Death caps have been reported to taste pleasant.
This, coupled with the delay in the appearance of symptoms—during which time internal organs are being severely, sometimes irreparably, damaged—makes it particularly dangerous. Initially, symptoms are gastrointestinal
in nature and include colicky
abdominal pain, with watery diarrhea
, which may lead to dehydration
, and, in severe cases, hypotension
, and acid–base disturbances
These first symptoms resolve two to three days after the ingestion. A more serious deterioration signifying liver involvement may then occur—jaundice
, diarrhea, delirium
, and coma
due to fulminant hepatic failure
and attendant hepatic encephalopathy
caused by the accumulation of normally liver-removed substance in the blood. Renal failure
(either secondary to severe hepatitis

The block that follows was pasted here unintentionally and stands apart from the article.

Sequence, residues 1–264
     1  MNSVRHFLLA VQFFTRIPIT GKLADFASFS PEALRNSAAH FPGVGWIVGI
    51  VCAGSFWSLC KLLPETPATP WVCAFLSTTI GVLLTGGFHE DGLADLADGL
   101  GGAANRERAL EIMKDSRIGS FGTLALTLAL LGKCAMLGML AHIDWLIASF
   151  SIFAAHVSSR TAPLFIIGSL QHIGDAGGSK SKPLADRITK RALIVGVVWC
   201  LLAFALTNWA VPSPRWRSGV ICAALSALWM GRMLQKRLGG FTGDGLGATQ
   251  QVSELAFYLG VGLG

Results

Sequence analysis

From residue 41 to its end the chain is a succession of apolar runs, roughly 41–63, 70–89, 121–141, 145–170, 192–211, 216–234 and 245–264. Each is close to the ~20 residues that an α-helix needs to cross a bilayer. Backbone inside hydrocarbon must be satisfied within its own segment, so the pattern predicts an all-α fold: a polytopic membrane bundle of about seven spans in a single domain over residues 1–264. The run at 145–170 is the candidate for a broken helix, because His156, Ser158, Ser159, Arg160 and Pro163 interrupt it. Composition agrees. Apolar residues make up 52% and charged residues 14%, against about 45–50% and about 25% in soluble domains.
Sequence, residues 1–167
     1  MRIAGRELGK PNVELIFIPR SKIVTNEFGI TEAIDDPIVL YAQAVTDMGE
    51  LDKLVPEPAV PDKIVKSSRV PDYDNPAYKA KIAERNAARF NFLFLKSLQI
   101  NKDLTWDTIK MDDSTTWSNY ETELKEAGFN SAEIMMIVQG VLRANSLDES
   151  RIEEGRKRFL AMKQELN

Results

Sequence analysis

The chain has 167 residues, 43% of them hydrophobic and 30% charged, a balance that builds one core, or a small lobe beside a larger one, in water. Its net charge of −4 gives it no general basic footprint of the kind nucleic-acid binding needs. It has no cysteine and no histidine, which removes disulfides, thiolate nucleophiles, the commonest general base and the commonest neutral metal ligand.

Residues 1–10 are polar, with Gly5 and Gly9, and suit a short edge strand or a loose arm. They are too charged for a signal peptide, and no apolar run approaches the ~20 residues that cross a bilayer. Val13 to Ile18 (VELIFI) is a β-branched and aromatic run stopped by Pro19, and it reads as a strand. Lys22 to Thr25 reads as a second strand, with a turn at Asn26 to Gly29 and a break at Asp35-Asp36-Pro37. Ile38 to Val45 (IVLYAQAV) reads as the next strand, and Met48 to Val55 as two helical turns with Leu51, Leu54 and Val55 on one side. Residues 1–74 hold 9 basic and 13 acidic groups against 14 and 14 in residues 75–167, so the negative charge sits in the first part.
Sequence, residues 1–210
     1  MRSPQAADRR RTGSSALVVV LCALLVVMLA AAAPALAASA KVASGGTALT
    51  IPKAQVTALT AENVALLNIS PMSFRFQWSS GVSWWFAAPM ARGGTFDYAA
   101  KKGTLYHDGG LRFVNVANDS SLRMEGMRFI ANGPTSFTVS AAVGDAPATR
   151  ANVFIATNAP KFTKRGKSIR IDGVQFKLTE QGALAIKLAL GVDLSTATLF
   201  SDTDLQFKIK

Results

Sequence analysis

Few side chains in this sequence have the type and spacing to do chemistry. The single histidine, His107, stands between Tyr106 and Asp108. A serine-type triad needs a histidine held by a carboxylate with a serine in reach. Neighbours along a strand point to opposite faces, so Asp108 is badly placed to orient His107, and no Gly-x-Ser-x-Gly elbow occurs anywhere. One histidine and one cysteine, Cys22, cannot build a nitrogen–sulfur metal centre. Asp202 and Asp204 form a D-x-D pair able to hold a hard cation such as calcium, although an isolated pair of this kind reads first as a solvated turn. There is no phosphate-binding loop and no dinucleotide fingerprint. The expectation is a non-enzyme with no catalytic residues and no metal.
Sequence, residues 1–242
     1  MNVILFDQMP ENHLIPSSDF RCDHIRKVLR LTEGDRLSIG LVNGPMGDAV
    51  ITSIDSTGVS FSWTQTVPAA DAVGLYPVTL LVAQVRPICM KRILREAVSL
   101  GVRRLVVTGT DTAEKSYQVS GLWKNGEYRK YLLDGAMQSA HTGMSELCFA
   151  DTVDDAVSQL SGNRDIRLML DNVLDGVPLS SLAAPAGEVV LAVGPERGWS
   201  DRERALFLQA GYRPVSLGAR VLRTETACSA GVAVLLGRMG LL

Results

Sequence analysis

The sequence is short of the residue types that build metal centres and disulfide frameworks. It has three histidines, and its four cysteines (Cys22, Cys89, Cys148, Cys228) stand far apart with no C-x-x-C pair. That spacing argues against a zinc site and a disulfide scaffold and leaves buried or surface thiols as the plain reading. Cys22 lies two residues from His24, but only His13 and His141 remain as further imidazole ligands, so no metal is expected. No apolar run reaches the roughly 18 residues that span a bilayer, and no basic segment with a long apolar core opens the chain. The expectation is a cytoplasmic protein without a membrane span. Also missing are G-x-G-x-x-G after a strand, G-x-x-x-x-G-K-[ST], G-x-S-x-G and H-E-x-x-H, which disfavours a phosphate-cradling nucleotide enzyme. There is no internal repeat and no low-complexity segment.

or caused by direct toxic renal damage
) and coagulopathy
may appear during this stage. Life-threatening complications include increased intracranial pressure
, acute renal failure
, and cardiac arrest
Death generally occurs six to sixteen days after the poisoning.
Mushroom poisoning is more common in Europe than in America.
Up to the mid-20th century, the mortality rate was around 60–70%, but this has been greatly reduced with advances in medical care. A review of death cap poisoning throughout Europe from 1971 to 1980 found the overall mortality rate to be 22.4% (51.3% in children under ten and 16.5% in those older than ten).
This has fallen further in more recent surveys to around 10–15%.
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